Read + Review: Sachiko: A Nagasaki Bomb Survivor’s Story by Caren Stelson

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A child of six years at the time, Sachiko Yasui lived a modest life in her home town of Nagasaki. With her siblings Misa, Toshi, Aki, and Ichiro by her side, the little girl had no idea that August 9th was the day her whole world would be ripped apart. Even at a young age, Sachiko knew of the dangers that lurked around her, as America’s threats with Japan grew increasingly persistent during World War II. But when she saw a flash and debris pile on top of her, Sachiko learned that the road to recovery would not be easy. Through her father’s wise words and views of the world, Sachiko fights to understand the truth, and how things happen for a reason. Based on a real account of a hibakusha, this harrowing story is one that should be retold for generations to come, so that a devastating nuclear arms race shall never come about.

As the story went on, I was overcome with emotion. The grief, sorrow, and agony that Sachiko went through in the decades to follow was excruciatingly painful to read about. I’ve read many stories from different hibakusha, the bomb-affected people, about their journeys of self-discovery after the horrors of the explosion. Yet, none has ever given me the impression that I took away from this story. The vivid details, coupled with the factual background bits scattered throughout the story, made for an informative and mesmerizing read. There’s no possible way to describe Sachiko’s bravery in words, except that she is an inspiration to all. The silence, the emotion… everything about this book is beautifully written. I urge you to read this book if you can. I promise, you will not regret it.

I noticed that Sachiko took a lot of her father’s ideas and words, and found a way to incorporate it into her life. I truly resonated with Sachiko’s father and his ideas, for his main belief was that hate only produces hate. We need to live in a world of peace, and if everyone thought the same way as him, our world would be a better place. I also loved that Sachiko found her voice through her role models, from Helen Keller to Mahatma Gandhi. She truly is an exceptional woman that, I’m sure, will find a way to make her voice last for generations.

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Reviewed by Mitali, Grade 10, Twin Hickory Area Library

Read + Review: Dog’s Best Friend by James Patterson

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Rafe Khatchadorian is just your average kid with an average life at Hills Village Middle School, but his big mouth lands him in some hot water. From making his mother cry during Christmas to accusing Eddie and Ethan Finn of some serious allegations, Rafe can only make matters worse for himself. Yet, through it all, his one wish is to get a WormHole Premium Multi-Platform GameBox. In hopes of receiving this item, Rafe decides to put on his thinking cap and start a dog-walking business. But when Rafe discovers something even more sinister going on, his investigations lead him to a reality like none other. Secrets and truths start pouring out, and Rafe needs to make the right choice in order to save his life from crashing down.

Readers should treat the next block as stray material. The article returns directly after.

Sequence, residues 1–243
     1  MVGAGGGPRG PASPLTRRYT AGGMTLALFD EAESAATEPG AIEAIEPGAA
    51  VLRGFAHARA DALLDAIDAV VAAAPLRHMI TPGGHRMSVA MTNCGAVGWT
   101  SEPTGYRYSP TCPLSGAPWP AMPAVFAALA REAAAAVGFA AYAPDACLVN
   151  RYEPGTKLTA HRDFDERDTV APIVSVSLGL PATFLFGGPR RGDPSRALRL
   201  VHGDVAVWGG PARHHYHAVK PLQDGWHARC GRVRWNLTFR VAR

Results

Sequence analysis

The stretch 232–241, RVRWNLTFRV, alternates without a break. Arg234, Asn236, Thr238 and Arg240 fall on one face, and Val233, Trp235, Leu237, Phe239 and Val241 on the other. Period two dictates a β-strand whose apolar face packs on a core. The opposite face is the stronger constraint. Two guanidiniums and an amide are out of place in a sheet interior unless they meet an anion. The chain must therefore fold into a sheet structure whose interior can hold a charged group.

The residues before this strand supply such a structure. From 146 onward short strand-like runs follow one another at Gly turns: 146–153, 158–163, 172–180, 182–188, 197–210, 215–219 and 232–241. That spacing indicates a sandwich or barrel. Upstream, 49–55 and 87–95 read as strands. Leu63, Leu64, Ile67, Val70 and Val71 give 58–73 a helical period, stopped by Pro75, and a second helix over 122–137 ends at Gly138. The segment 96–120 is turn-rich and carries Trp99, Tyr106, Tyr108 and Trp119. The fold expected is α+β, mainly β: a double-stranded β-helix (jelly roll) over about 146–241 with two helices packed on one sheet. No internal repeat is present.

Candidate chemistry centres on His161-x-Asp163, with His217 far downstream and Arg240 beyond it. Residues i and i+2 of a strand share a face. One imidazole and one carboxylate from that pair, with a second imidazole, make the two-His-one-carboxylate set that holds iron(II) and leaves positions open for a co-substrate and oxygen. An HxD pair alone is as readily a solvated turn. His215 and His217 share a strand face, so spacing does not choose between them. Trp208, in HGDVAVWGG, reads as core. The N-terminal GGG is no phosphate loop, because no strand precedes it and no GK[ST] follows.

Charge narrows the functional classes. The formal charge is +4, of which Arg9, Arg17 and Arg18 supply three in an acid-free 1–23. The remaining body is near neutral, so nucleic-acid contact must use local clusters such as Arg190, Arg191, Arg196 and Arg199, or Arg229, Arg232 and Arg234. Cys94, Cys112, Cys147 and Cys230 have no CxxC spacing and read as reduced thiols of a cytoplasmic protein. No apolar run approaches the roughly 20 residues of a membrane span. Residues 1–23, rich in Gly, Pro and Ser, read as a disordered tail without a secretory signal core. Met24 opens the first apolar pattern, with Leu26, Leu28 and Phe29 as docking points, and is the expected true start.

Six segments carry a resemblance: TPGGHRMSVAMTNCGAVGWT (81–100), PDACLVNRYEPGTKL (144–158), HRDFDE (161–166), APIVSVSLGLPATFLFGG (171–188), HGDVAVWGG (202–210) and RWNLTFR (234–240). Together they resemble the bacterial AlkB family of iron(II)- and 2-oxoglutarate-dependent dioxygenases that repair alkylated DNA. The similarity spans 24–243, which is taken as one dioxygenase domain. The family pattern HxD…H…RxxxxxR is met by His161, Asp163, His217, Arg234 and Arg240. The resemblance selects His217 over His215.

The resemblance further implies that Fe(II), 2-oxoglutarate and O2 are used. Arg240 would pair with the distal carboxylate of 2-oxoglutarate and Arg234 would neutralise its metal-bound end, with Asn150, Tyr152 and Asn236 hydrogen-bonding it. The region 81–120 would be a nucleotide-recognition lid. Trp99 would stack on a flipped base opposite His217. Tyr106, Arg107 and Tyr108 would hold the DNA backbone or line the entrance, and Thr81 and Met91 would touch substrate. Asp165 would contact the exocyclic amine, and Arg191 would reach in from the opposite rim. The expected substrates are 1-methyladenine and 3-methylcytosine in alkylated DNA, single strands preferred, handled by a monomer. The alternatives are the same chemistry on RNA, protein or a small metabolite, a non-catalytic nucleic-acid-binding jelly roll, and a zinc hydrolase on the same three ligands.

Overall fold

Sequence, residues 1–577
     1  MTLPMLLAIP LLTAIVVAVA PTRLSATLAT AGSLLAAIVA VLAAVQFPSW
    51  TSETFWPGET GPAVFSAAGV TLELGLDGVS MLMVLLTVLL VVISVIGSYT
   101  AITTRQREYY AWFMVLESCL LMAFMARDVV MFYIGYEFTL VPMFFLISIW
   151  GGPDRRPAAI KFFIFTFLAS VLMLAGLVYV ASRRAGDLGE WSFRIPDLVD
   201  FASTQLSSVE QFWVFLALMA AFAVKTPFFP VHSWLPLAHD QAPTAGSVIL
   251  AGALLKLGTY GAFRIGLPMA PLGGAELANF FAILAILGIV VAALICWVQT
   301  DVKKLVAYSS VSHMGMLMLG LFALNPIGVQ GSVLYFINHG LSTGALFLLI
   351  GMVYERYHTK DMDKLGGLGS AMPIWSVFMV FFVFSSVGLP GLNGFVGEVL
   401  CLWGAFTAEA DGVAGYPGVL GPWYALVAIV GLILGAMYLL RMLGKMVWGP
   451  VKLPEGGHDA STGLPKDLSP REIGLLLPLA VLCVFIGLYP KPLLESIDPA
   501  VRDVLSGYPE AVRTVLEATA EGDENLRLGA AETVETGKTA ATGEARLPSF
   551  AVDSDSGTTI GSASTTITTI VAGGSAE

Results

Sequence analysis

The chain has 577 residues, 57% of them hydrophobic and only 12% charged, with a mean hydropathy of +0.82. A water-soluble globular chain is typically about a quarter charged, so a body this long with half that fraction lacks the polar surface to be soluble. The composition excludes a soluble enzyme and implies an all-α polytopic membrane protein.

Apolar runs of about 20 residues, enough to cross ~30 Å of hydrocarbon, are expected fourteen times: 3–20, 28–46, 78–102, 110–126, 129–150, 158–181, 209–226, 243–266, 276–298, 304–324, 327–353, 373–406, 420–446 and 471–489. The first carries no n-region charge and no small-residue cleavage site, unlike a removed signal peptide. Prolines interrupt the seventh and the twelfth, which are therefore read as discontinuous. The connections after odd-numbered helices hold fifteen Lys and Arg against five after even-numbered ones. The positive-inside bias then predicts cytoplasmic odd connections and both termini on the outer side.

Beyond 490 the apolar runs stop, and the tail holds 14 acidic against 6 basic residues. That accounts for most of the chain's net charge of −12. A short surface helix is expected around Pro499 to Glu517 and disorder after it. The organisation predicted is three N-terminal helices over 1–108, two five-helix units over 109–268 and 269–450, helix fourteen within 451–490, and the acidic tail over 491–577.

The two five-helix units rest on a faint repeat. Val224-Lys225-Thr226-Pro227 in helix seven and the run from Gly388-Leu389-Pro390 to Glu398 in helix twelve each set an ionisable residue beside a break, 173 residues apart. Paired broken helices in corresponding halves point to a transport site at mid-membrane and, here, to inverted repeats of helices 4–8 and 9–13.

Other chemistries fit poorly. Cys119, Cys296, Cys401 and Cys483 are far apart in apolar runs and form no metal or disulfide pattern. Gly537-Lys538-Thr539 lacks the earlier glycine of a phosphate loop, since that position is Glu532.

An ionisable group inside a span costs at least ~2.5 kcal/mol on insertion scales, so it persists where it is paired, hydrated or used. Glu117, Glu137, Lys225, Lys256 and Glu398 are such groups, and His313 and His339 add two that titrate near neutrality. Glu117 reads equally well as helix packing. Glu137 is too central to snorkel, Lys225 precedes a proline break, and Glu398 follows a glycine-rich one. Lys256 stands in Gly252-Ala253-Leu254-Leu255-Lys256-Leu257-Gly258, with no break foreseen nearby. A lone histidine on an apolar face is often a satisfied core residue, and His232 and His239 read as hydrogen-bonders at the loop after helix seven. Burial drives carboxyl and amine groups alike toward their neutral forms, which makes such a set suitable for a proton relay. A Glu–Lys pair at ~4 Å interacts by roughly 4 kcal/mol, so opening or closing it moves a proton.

James Patterson has done it again with a hilarious, yet entrancing book about the life of a middle schooler. Rafe is not only a relatable character, but also one that seems to teach younger kids lessons about honesty, responsibility, and trust. Through graphic comic strips and eye-catching chapters, I was hooked on all the situations that occurred throughout the story. My favorite character was definitely Georgia; she’s cunning, smart, witty, and, in my opinion, helped the story close to a strong ending. Personally, I never expected such a child-like book to convey themes that I would probably see in adult novels. Although I can’t give anything away, I will say that I was baffled by all the plot twists in the story.

I enjoy the fact that Rafe doesn’t live a perfect life. He has his ups and downs, which makes the book, in my opinion, a lot more interesting to read. As previously said above, the book is a lot more relatable than some other stories I’ve read. Nevertheless, I loved how Rafe was able to create some humor out of every situation he faced. If you always look at the negatives in life, you’ll never have time to reach the positive. I think Rafe did a great job of learning how to balance his negativity out, and to make the best of every obstacle he endured.

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Reviewed by Mitali, Grade 10, Twin Hickory Area Library

Read + Review: The Fallen Kingdom by Elizabeth May